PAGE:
When designers recognize potential RDC paths in their designs, they can protect these paths with qualifier signals and blocking gates, and there are multiple strategies on where to place these blocking gates in the sequential path. Alternatively, designers can block clocks when resets are asserted or ensure that the final flop is from the same reset domain. RDC analysis tools need to be able to identify these functional mitigation features and eliminate all false negatives arising from RDC path analysis.
VC SpyGlass® RDC solves this problem as the analysis engines can identify RDC paths in the design across different depths of reset-less pipelines and can identify commonly used mitigation functionality in the design to minimize the reporting of false negatives that would otherwise increase the manual analysis required for RDC signoff.
RDC paths can propagate directly into clocks if the output from the reset flop propagates into clock gating cell inputs. In other words, metastability originating from an asynchronous reset causes clock signals to glitch, with unpredictable results.
Like CDC verification, successful RDC verification is dependent on the user setup. You must input the correct constraints and identify the correct waivers. Mistakes here can lead to false fails (false negatives) or, worse, missed fails (false positives). Synopsys PrimeTime® compatible SDC is natively supported in VC SpyGlass RDC to capture clock & IO intent, while advanced reset/RDC related constraints are additionally captured in TCL.
Further, RDC analysis needs to understand and recognize when retention flops or isolation cells are going to be inserted between reset domains or power domains by the synthesis or place-and-route tools. These inserted cells can affect RDC paths and must be accounted for. For this reason, VC SpyGlass RDC is tightly coupled with Synopsys VC LP® and consumes IEEE Standard UPF power intent files to enable power-aware RDC analysis.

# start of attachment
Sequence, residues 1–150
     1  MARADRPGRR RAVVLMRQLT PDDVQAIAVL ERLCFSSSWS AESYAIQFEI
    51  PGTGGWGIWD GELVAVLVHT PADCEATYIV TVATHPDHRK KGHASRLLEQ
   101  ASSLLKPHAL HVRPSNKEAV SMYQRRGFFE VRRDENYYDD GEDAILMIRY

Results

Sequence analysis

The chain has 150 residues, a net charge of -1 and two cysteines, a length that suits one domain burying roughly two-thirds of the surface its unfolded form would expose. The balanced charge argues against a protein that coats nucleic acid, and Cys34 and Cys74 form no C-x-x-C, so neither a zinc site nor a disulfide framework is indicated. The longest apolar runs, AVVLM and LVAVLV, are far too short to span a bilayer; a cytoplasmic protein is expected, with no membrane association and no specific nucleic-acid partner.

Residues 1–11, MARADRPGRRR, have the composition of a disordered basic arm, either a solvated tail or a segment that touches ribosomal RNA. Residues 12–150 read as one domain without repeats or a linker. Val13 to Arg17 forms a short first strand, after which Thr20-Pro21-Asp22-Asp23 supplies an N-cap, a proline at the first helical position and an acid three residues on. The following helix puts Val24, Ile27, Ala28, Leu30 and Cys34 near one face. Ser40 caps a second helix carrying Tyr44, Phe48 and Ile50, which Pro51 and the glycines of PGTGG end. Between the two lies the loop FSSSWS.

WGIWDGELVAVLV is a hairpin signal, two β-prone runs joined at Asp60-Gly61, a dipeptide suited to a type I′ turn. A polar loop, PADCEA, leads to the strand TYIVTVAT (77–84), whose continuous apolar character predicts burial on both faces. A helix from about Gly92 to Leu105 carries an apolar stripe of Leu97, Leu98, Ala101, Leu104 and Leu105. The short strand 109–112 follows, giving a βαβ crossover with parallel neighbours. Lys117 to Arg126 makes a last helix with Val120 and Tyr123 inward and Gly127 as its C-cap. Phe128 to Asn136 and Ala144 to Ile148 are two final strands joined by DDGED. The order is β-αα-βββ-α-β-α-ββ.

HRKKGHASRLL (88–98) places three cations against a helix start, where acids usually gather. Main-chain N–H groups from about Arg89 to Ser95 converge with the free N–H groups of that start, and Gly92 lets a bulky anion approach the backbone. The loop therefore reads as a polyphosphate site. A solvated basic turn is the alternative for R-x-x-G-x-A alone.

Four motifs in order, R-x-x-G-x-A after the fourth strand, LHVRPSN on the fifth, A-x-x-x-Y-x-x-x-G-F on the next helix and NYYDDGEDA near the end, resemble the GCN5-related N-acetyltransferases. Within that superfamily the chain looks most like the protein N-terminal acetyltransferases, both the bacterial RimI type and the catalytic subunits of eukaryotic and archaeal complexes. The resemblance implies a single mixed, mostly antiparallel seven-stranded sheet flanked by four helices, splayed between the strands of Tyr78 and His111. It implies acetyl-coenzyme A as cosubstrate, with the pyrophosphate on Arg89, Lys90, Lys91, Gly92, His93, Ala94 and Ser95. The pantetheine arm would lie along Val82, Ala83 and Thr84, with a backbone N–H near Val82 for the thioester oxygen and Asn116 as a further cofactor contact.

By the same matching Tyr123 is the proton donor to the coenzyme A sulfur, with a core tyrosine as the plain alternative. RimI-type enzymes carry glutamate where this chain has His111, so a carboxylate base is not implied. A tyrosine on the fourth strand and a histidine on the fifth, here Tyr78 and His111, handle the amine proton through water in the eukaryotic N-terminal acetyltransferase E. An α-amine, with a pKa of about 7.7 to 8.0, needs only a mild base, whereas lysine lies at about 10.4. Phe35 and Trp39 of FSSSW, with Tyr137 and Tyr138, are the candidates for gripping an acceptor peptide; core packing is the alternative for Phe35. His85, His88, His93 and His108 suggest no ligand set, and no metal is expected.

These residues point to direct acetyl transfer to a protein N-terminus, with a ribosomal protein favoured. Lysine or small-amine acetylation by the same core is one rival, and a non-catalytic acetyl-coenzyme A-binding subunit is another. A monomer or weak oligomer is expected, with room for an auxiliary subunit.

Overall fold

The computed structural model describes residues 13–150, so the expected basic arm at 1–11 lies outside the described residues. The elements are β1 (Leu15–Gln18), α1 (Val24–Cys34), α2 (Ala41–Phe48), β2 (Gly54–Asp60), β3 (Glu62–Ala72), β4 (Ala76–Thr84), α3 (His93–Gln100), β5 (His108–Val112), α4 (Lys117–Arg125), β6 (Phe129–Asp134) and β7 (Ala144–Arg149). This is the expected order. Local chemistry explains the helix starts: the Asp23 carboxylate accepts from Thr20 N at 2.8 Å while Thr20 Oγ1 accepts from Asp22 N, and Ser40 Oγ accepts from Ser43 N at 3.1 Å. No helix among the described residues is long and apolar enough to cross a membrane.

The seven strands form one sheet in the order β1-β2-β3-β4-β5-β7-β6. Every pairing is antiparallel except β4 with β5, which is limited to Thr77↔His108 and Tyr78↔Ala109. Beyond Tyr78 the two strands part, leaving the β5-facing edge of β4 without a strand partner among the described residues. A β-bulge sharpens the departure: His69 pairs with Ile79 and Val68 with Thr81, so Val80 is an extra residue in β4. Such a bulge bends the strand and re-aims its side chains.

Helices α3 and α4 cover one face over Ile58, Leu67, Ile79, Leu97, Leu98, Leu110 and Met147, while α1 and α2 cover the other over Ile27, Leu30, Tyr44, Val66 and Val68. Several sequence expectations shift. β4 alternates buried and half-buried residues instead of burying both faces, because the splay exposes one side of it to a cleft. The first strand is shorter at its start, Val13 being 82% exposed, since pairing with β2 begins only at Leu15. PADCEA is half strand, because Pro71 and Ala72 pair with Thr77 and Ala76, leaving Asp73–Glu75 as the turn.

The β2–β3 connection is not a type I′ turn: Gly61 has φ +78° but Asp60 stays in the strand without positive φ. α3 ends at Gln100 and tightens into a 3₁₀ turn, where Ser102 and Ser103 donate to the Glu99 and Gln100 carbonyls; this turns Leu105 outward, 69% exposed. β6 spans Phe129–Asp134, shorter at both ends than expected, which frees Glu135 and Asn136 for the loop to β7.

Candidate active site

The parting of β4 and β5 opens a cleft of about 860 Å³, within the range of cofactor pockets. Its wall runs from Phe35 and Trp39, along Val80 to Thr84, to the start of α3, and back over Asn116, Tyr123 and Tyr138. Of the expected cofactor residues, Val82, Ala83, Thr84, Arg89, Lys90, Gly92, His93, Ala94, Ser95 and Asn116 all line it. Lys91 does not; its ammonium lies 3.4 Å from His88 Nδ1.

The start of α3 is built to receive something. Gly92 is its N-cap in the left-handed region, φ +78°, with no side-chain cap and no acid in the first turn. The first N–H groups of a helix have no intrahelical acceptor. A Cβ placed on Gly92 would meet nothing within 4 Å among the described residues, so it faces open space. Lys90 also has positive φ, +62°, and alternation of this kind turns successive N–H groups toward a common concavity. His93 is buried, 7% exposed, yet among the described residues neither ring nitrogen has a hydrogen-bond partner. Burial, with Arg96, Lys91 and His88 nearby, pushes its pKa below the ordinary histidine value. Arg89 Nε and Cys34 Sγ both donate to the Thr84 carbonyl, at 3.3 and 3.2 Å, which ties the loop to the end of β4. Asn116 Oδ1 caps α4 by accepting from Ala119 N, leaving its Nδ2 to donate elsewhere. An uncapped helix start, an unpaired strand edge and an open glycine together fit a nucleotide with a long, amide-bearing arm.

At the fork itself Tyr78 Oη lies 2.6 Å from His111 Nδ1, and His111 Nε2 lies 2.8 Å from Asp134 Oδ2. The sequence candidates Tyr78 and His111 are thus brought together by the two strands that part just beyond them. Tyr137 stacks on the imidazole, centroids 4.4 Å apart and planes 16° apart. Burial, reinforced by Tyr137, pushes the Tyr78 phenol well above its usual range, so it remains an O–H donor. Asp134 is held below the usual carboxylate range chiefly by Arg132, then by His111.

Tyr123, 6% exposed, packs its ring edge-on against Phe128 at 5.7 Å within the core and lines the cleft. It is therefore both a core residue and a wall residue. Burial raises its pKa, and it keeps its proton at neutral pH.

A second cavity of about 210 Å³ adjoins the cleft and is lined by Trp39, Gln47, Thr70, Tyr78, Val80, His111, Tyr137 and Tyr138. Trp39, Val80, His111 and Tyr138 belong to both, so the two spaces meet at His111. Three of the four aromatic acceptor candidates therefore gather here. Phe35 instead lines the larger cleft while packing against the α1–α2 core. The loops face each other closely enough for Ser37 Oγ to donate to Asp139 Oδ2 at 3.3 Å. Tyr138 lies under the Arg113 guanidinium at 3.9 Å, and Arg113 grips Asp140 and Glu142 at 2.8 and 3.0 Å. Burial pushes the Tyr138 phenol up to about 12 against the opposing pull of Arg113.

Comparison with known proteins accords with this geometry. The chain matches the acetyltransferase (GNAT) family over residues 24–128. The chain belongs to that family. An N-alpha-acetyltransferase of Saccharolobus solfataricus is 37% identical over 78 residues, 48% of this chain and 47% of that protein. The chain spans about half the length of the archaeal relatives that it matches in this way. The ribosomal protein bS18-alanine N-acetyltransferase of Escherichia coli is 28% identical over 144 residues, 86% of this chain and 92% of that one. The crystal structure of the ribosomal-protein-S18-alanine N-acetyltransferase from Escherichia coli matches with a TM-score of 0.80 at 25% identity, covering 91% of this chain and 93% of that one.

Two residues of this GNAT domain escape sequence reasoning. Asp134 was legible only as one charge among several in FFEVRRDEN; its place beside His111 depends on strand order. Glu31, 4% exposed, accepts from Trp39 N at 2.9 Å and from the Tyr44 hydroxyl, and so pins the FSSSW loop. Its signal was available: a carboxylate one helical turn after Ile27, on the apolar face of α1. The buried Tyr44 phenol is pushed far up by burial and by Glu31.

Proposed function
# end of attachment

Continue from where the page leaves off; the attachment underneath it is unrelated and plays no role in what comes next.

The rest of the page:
The volume of violations that are output can be a challenge for manual analysis. Too much output can mean that there are too many false negatives that need to be analyzed and waived, and this increases the risk that a true negative will be missed. Some assistance from the tool is required to reduce this analysis burden and reduce the risk of overlooked true negatives. VC SpyGlass RDC uses smart grouping of output violations with multiple levels of grouping based on various fields like source/destination resets, clocks, or flops to reduce this manual analysis burden for the engineer.
As with VC SpyGlass® CDC and the other static verification solutions that form the Synopsys Verification Continuum® platform, VC SpyGlass RDC solves the challenges of scalability, performance, and debug productivity necessary to handle modern multi-billion gate ASIC designs. This can be done using either a full-flat analysis or a hierarchical flow which uses signoff abstraction models (SAM) to allow a bottom-up approach, enabling RDC analysis to scale and perform well for the largest of designs. In fact, VC SpyGlass RDC beats previous generations of RDC solutions by about 3x on performance.
Finally, as we all know, engineering time is often the limiting factor over compute time and runtimes for many aspects of ASIC development workflows, so a familiar high productivity debug environment thanks to the integration of the leading Verdi debugger, is a welcome time-saver when it comes to RDC debug.